Sally was our manager and I remember My Hambrook visiting the shop periodically. He was always very patient when I asked questions.

    There was a restaurant in the shop at the base of the High Street and we could buy lunch there at a special discount. Employees paid one shilling and sixpence.

    • Linda Pegden Reply

      June 17, 2020 at 8:05 pm

      Linda Pegden (nee Aspin). I was also a Saturday girl mainly at North Street branch with Sally the manageress. I was paid 8 shillings for four hours work or 16 shillings all day.

      I worked there from 1963 to September 1964, covering all the holidays at the other branches. My sister Elaine worked there after me so she might remember Sue. Great times.

  10. Steven Oliver Reply

    March 5, 2020 at 2:28 am

    Anyone remember Stan Walker at Ayers Bakery? I remember his daughter Shirley.

    • Nichola Waghorn Reply

      November 2, 2021 at 8:45 am

      Stan Walker was my grandad, Shirley his younger daughter is my mum. They moved to Fairlands. He later moved to Bournemouth when he retired but came back to Guildford, in his later years. My mum Shirley married my dad, and moved to Alton, where I grew up.

  11. Brian Holt Reply

    June 18, 2020 at 7:37 pm

    I remember Stan Walker, I was already an apprentice there when Stan started there and he took charge when Wally the foreman was not there.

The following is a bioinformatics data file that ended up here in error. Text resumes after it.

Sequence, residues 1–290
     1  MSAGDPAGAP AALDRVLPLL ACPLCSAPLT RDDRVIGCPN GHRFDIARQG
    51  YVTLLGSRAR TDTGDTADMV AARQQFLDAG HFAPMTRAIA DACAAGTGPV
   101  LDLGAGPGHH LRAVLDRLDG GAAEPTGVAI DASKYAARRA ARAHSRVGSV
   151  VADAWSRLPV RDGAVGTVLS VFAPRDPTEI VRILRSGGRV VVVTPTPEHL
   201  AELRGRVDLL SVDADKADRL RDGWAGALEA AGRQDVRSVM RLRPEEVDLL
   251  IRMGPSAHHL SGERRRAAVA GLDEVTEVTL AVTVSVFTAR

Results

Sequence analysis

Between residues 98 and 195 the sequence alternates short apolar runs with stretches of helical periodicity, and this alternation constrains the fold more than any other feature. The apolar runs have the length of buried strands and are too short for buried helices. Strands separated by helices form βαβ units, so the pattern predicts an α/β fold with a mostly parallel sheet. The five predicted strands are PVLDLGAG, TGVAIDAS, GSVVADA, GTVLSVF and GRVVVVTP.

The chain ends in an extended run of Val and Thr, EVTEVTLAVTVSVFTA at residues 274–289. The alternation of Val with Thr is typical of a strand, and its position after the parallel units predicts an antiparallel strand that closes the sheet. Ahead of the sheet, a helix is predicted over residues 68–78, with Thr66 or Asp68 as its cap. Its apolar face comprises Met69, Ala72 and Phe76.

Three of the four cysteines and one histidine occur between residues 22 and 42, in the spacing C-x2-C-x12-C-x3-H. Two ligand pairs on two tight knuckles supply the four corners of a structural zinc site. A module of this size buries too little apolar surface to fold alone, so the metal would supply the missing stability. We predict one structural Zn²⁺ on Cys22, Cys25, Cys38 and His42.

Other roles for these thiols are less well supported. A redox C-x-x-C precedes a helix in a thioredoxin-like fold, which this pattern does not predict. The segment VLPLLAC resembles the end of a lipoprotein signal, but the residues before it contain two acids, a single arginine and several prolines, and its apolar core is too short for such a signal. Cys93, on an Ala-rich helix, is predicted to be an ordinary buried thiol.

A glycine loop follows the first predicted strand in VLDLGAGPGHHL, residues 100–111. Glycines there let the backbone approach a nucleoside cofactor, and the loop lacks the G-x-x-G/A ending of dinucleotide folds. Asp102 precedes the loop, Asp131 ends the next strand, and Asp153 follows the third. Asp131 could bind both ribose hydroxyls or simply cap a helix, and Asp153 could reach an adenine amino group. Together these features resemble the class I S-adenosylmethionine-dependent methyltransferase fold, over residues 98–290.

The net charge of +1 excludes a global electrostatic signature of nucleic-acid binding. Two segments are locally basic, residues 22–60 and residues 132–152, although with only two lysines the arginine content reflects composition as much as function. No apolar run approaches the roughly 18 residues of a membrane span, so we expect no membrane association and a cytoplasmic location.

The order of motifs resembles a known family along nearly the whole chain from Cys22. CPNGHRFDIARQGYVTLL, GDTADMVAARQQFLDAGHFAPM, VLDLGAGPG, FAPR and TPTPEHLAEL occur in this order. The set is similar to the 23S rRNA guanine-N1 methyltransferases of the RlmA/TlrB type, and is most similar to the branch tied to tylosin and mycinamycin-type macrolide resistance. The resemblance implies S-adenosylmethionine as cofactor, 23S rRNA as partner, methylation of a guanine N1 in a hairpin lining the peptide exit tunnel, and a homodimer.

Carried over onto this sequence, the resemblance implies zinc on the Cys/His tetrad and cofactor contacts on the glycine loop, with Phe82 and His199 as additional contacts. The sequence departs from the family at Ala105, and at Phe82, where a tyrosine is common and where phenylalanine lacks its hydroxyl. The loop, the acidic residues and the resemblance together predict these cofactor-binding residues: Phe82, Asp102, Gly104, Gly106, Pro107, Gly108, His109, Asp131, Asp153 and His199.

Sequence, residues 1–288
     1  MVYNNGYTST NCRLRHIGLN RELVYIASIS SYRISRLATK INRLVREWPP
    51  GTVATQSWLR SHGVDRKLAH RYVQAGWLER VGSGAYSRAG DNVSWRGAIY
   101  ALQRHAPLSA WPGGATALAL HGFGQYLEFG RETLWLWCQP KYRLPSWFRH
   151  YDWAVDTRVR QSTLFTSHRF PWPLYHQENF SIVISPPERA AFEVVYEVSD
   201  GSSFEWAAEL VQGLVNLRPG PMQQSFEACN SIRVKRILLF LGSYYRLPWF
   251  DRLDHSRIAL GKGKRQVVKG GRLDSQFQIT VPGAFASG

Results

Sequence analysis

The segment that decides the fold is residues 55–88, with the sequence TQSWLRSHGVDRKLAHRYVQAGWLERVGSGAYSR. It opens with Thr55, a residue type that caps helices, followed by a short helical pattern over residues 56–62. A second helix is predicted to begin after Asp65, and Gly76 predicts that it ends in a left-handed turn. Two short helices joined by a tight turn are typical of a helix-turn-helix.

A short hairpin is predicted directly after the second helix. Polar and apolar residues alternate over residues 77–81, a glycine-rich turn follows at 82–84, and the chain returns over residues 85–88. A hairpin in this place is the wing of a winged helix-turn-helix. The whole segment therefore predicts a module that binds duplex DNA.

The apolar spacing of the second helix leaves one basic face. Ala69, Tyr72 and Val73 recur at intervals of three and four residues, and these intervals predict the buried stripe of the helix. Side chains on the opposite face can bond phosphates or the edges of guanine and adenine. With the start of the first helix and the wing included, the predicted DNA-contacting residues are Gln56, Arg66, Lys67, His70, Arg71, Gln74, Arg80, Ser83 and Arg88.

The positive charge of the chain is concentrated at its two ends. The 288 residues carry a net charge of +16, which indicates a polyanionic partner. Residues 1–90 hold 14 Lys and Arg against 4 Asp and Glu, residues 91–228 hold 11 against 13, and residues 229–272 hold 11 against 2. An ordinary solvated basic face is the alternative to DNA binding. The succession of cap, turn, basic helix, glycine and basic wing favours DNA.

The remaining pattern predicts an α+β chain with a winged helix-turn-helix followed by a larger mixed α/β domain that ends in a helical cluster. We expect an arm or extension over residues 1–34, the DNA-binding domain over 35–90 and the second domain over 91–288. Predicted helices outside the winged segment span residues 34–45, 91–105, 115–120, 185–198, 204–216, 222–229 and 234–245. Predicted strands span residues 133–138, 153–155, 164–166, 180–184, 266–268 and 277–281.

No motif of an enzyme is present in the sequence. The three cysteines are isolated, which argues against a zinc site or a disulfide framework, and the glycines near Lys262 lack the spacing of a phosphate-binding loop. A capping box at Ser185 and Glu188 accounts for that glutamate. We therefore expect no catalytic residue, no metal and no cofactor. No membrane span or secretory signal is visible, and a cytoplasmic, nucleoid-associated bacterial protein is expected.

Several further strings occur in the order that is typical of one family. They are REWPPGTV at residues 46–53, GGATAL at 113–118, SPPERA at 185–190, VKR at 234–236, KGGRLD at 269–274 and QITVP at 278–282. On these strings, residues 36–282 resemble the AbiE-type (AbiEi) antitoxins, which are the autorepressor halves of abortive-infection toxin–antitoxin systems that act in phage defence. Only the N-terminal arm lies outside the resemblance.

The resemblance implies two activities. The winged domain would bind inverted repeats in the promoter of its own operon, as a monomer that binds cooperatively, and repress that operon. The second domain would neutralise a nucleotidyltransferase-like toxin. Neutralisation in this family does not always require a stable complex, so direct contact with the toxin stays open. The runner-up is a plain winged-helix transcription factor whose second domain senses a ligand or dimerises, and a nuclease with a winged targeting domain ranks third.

He lived in the flat above Ayers shop at the bottom of Worplesdon Road, with his wife and two daughters.

    Which daughter was Shirley the older one or younger one?

    I do not know what happened to him when Ayers closed down. Many years later I heard he was living in Farncombe.

  12. Shirley Tidy Reply

    November 2, 2021 at 9:42 am

    I am Shirley Tidy (nee Walker), Stan Walker’s younger daughter. Wendy my elder sister passed away several years ago . As teenagers, we both worked in Ayres shop and we lived over the shop at 12c Worplesdon Road.

    Wendy worked in the high street shop and I worked mostly at the shop up the Worplesdon Road with Miss Sparks, a lovely lady. I also helped in the bakery, jamming doughnuts and helping Edna upstairs in the decorating room.

    Mum and dad moved to Bournemouth in the early 70s but move back to Guildford as their health deteriorated. They both passed away within six months of each other in 2006. I went on to Brooklands College and went into the catering trade, as did my eldest daughter who make wonderful cakes, as my dad did. His father was a master baker and entered many competitions all over Europe. I have many happy memories of Ayres.

Leave a Comment

Your email address will not be published. Required fields are marked *